Feeds

EU to quiz Apple and Samsung on Frand deals

Some discrimination is more reasonable than other kinds

Choosing a cloud hosting partner with confidence

The EU is chasing up Samsung, and Apple, for details of the Frand licensing dispute, so make sure everyone is playing in a fair, reasonable and non-discriminatory (FRAND) fashion.

The EU investigation came to light in court documents filed by Apple in the ongoing dispute between the two companies. In the filing Apple claims that the EU is investigating possible breaches of competition law by Samsung, a claim which was spotted by patent watcher Florian Mueller and confirmed to El Reg this morning.

European Commission's Directorate-General for Competition told us that it had requested information from both Samsung and Apple regarding "the enforcement of standards-essential patents in the mobile telephony sector".

Samsung confirmed that it has received the request, and reiterated that it has always "remained committed to fair, reasonable and non-discriminatory licensing terms for our wireless standards-related patents".

In common with many companies who've been in the wireless business for a while, Samsung has a handful of patents which have been incorporated into the 3G standard, but a condition of having one's patents used is that one agrees to license them on a fair, reasonable and non-discriminatory (Frand) basis. So everyone has to pay a similar licence fee, and no one can be refused a "reasonable" licence.

Samsung is accusing Apple of infringing its patents, and claims to be happy to offer Apple a licence, but Apple counter-claims that it has been asking for such a thing for months without sensible response, which is probably why the EU has stepped in to mediate.

The EU only adopted the 3G standard on the condition that all the patent holders agreed to Frand restrictions, so its lawmakers will be very upset if Samsung isn't playing the game. But Samsung is fighting a tit-for-tat battle with Apple within which its standard-essential patents are an important weapon.

The EU investigation hardly warrants the name just yet, the Directorate-General has only asked for information from the parties involved, but if it develops it could see a considerable proportion of Samsung's ammunition removed from the field of battle. ®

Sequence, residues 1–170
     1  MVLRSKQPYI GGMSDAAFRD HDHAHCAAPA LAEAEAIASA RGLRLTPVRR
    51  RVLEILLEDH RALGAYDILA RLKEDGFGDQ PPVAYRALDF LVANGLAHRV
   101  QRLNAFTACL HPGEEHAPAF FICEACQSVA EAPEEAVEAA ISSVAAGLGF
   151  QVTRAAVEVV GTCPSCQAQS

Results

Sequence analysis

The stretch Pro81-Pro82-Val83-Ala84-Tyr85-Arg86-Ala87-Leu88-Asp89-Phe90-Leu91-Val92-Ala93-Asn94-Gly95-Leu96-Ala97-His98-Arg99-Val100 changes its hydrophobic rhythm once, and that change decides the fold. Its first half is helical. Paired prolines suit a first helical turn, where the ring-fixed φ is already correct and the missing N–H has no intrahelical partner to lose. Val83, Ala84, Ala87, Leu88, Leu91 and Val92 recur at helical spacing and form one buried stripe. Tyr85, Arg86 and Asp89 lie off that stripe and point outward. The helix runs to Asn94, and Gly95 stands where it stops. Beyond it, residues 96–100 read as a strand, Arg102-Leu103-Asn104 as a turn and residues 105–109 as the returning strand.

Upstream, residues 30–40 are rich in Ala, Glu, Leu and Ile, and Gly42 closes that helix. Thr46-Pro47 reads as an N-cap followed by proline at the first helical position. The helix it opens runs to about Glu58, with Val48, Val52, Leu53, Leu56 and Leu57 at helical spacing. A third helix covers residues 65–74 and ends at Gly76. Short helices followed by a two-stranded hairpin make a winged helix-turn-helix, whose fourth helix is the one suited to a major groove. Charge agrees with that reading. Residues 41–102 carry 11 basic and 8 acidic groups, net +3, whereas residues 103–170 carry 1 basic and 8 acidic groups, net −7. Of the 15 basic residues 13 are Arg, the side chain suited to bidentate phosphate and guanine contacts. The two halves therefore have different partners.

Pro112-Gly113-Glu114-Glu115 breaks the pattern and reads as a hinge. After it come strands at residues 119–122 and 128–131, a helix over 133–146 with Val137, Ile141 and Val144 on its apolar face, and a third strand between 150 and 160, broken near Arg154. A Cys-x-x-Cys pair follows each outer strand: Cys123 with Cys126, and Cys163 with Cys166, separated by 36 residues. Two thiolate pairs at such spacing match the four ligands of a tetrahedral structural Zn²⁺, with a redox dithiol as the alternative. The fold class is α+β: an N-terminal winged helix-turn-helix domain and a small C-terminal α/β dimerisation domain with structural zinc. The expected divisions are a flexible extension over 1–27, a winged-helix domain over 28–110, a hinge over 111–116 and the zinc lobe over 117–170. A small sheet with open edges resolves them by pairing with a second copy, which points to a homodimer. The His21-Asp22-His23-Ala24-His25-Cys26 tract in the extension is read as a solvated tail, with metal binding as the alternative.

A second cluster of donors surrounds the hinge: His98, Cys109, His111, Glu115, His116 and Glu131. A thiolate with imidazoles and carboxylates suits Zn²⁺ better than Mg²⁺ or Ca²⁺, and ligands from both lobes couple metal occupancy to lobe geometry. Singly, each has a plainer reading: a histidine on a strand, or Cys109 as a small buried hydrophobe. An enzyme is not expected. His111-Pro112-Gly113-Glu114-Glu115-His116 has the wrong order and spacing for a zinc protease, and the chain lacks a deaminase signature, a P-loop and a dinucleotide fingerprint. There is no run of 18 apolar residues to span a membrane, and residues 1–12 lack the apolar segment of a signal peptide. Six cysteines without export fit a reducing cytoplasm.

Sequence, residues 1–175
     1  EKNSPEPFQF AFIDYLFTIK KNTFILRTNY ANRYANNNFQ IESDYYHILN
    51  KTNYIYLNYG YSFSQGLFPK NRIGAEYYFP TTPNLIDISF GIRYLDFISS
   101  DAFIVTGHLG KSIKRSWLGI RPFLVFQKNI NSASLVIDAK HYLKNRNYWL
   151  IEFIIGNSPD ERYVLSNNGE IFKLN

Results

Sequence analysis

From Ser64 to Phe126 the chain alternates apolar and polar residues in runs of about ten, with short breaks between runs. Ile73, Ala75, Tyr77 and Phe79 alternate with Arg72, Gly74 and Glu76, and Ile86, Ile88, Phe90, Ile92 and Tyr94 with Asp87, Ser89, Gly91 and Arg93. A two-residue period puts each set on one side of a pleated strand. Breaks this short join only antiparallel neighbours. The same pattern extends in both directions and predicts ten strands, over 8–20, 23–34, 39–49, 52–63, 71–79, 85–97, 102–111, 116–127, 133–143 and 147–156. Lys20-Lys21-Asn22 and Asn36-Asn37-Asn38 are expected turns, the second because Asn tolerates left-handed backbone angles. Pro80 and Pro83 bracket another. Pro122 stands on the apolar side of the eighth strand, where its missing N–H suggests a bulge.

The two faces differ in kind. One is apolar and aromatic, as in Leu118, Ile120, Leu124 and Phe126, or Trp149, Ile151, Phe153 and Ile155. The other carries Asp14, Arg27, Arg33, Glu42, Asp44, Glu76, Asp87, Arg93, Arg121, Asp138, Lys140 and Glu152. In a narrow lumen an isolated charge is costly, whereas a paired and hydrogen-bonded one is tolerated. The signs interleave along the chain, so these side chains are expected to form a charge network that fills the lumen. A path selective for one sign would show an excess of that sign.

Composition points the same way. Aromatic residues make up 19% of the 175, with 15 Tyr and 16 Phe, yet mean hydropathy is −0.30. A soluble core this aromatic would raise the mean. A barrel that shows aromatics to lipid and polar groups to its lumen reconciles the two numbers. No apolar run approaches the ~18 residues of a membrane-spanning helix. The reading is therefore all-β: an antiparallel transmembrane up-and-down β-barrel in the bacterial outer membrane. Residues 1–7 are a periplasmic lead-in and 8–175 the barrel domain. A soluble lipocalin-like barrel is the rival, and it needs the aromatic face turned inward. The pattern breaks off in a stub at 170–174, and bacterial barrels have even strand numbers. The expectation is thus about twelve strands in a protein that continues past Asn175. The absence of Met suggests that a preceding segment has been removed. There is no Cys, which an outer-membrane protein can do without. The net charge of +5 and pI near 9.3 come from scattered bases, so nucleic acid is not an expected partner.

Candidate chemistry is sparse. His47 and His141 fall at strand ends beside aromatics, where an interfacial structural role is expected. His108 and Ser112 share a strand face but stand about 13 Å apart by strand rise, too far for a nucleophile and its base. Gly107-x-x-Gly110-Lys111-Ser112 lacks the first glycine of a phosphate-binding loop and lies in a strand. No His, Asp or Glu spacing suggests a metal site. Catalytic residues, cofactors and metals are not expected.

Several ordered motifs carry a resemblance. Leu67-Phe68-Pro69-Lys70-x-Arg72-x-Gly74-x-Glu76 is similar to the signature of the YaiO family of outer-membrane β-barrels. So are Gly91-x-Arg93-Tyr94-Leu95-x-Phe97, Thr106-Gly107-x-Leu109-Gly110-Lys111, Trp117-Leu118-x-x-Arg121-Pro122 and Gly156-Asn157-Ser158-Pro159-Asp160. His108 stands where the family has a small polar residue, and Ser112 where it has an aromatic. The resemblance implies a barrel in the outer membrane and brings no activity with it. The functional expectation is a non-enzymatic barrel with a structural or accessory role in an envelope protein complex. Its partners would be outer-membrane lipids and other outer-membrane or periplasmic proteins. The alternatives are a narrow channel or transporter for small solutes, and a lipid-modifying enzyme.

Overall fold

Security for virtualized datacentres

More from The Register

next story
Ex-US Navy fighter pilot MIT prof: Drones beat humans - I should know
'Missy' Cummings on UAVs, smartcars and dying from boredom
Facebook, Apple: LADIES! Why not FREEZE your EGGS? It's on the company!
No biological clockwatching when you work in Silicon Valley
The 'fun-nification' of computer education – good idea?
Compulsory code schools, luvvies love it, but what about Maths and Physics?
Doctor Who's Flatline: Cool monsters, yes, but utterly limp subplots
We know what the Doctor does, stop going on about it already
'Cowardly, venomous trolls' threatened with TWO-YEAR sentences for menacing posts
UK government: 'Taking a stand against a baying cyber-mob'
Happiness economics is bollocks. Oh, UK.gov just adopted it? Er ...
Opportunity doesn't knock; it costs us instead
Sysadmin with EBOLA? Gartner's issued advice to debug your biz
Start hoarding cleaning supplies, analyst firm says, and assume your team will scatter
Don't bother telling people if you lose their data, say Euro bods
You read that right – with the proviso that it's encrypted
prev story

Whitepapers

Forging a new future with identity relationship management
Learn about ForgeRock's next generation IRM platform and how it is designed to empower CEOS's and enterprises to engage with consumers.
Cloud and hybrid-cloud data protection for VMware
Learn how quick and easy it is to configure backups and perform restores for VMware environments.
Three 1TB solid state scorchers up for grabs
Big SSDs can be expensive but think big and think free because you could be the lucky winner of one of three 1TB Samsung SSD 840 EVO drives that we’re giving away worth over £300 apiece.
Reg Reader Research: SaaS based Email and Office Productivity Tools
Read this Reg reader report which provides advice and guidance for SMBs towards the use of SaaS based email and Office productivity tools.
Security for virtualized datacentres
Legacy security solutions are inefficient due to the architectural differences between physical and virtual environments.